Pedal power

A woman on a mountain bike

Want to take up cycling but don’t know where to begin? Try these top expert tips.

Cycling is a fantastic way of improving your fitness levels. Practised regularly, it can help to build strength and muscle tone, improve your stamina, boost your cardiovascular fitness and improve your heart health. According to the British Cycling Federation, studies have shown that regular cyclists enjoy the general health of someone approximately 10 years younger! In addition, it is a low impact form of exercise, which means that it creates less stress on the joints, and it burns around 500 calories per hour when practised at a brisk pace.

They say you never forget how to ride a bike, but if you haven’t climbed into the saddle since childhood it’s a good idea to seek out some good advice and get the right equipment for you from the start. And this doesn’t necessarily mean having to spend a fortune. Find a local bike shop or cycling club and get some good advice based on experience and expertise from those in the know.

How to choose the right bike

It can be a bit daunting choosing a bike when there is so much choice and variety on offer. In order to narrow down the search a bit, you might want to consider having a bike fit. “This is approximately a two-hour session with a trained technician who will help to determine the optimum riding position for you to maximise comfort and performance and reduce risk of injury,” explains Morgan Lloyd, the physiotherapist and education manager with Cyclefit (www.cyclefit.co.uk).

After finding out your aims and goals, sporting background, training and past injury history, the fitter will carry out a physical evaluation to determine your physical conditioning through a series of measurements and observations. Then, while you ride to a special bike-fitting jig, a series of further measurements is taken until the optimal position is determined. After the session you will receive a list of options of bikes that will suit your riding style and allow for the correct position to be achieved.

Safety equipment

The importance of wearing a helmet shouldn’t be underestimated. “They will save your life – they’ve saved mine twice!” says Mike Sanderson, bike buyer for GO Outdoors and the designer of GO Outdoors’ own brand of bikes, Callibre (www.gooutdoors.co.uk). “It’s not just to protect you from being knocked off – your fall could be caused by any number of reasons; adverse conditions, lack of skill or, most embarrassing of all, falling at the traffic lights as you struggle to get ‘unclipped’. It’s also essential to choose clothing that is visible to other road users.

“Don’t underestimate how difficult it is sometimes for drivers to see a cyclist,” says Morgan. Padded shorts are another essential buy: “A good pair of cycling shorts worn without underwear coupled with the right saddle for you will mean more time in the saddle and less pain when you get back on the next time,” says Mike. “You don’t have to only wear the cycling shorts – baggy shorts or trousers can be worn over the top.” Lastly, make sure you purchase front and rear lights and consider using a rear light even in daylight hours.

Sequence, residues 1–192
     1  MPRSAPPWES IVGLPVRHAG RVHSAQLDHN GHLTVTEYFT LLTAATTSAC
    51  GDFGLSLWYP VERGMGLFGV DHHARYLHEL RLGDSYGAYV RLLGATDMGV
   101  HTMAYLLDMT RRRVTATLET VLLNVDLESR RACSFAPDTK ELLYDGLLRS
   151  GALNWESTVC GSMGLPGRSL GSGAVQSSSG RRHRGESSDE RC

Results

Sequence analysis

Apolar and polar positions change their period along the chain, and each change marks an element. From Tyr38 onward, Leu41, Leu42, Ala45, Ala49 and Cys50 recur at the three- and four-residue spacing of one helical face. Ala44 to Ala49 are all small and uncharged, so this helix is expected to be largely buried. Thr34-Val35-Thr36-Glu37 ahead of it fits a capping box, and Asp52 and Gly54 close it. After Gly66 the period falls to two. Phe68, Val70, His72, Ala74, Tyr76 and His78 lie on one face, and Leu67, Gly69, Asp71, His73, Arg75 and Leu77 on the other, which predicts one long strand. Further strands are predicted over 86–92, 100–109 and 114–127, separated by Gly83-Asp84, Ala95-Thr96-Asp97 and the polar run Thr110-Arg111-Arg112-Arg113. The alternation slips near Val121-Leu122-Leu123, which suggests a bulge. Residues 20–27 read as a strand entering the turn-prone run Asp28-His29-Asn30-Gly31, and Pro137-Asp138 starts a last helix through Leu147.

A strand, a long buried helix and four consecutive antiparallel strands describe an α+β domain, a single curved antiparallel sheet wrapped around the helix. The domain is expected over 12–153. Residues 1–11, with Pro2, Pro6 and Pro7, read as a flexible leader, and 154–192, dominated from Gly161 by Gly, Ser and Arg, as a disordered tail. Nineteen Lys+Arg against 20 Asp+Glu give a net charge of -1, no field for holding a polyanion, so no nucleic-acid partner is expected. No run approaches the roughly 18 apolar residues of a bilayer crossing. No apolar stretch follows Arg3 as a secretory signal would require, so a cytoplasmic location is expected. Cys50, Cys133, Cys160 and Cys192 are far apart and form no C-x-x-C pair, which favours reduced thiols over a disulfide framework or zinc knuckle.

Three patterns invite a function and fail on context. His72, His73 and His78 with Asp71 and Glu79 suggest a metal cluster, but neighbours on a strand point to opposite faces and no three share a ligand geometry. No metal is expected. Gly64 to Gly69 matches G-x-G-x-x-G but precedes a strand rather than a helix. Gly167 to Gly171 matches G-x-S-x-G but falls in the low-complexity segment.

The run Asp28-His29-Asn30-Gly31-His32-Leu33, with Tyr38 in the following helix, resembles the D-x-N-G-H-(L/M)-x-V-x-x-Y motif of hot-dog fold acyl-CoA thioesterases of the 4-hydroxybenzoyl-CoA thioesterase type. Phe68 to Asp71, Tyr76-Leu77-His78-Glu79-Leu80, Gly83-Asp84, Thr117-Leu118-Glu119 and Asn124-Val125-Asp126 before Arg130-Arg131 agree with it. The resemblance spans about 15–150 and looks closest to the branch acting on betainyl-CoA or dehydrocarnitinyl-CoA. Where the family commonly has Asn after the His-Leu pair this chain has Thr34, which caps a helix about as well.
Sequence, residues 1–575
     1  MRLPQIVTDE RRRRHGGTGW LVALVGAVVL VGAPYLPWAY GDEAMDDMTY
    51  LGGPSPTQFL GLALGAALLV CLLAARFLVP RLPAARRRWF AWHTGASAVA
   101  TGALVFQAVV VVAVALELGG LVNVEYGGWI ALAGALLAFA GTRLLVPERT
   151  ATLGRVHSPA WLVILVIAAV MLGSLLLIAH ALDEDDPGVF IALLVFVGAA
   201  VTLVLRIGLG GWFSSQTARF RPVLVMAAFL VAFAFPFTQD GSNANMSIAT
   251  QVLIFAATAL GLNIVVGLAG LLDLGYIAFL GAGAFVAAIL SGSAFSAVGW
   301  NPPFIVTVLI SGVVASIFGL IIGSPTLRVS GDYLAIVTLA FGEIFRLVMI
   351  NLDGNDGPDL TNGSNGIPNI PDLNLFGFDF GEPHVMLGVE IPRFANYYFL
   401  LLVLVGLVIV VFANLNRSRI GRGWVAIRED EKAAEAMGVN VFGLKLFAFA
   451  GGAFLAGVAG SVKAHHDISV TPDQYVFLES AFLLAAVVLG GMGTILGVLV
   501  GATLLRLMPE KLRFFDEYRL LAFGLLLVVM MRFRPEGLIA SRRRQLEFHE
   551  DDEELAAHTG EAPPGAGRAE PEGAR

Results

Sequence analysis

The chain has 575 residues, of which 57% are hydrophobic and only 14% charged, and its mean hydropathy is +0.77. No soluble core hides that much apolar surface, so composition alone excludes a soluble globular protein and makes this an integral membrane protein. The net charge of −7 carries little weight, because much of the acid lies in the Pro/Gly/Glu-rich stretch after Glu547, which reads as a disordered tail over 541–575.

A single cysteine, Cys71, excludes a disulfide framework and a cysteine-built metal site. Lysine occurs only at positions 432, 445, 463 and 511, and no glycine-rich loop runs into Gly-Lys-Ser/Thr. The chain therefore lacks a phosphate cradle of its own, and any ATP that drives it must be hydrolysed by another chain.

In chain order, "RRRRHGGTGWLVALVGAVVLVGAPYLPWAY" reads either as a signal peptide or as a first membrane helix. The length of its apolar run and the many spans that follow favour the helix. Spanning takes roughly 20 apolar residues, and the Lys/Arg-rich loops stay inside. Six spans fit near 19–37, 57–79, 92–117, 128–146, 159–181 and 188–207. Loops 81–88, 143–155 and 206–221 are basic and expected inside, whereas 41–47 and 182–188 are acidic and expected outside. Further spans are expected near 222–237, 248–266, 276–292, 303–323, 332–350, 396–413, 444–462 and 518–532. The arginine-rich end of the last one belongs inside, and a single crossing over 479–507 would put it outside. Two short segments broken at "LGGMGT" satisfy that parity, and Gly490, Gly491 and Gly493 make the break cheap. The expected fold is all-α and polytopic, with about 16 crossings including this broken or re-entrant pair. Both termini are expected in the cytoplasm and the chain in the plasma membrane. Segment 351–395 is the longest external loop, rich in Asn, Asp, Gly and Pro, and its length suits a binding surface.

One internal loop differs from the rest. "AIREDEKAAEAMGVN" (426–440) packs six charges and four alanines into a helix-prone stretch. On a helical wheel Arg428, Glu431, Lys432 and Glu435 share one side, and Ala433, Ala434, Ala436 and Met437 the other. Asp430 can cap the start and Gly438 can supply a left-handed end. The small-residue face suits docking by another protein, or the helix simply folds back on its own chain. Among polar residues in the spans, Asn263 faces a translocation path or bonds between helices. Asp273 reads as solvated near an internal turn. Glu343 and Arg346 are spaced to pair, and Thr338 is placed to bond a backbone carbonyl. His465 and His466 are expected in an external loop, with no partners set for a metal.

Avoiding injuries

“Poor bike set-up or position is the main cause of cycling-related pain and injury,” says Morgan. “If you follow the fit-first philosophy then the bike should be set up to reflect your individual needs from the start, therefore reducing the risk of injury significantly. It’s not all about the bike, however. Maintaining good posture on the bike is key to reducing stress on the lower back and neck, even helping you to maximise performance. Maintaining good posture requires an awareness of just what is good cycling posture; don’t always look to the professional peloton for inspiration here! You need to understand the benefits behind it, a good bike position, good flexibility and core strength. These factors should all be evaluated and explained during a bike fit and the best fitters will be able to work with or refer you to a strength and conditioning coach or physio to help you improve in these areas if required.”

Bike maintenance

Your bike is a machine, it needs looking after,” says Mike. “Chains need regular cleaning/lubrication, brake pads need checking for wear and gears need a tweak from time to time. You can learn how to do these small things or get your local bike shop to do it for you. In the long run it will save you money and agro in the future. Punctures happen to the best of us so learn how to fix them – any bicycle mechanic will be pleased to show you – and make sure you have the basic kit needed to sort it out on the road. This includes a pump and a spare tube or a repair kit. It’s faster than the walk home!”

Keep at it!

“There isn’t a better time to take up the sport again,” says Morgan. “Bikes are more exciting than ever, technology is being used to enhance riding experience and cycling infrastructure is improving all the time.”

Mike adds: “Cycling is a truly wonderful way to travel and see the world. It’s low impact on your body’s joints and the benefits it will have to your health and wellbeing are well documented. Mostly importantly of all, it’s fun!”

Read previous Your Outdoor Living articles here...

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